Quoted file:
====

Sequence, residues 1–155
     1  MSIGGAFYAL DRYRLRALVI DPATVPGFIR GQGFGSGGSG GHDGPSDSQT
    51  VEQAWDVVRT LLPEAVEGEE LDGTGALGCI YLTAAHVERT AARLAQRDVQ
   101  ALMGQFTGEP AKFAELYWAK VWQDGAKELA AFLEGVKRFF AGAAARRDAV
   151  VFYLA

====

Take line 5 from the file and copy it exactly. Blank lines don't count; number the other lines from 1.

   151  VFYLA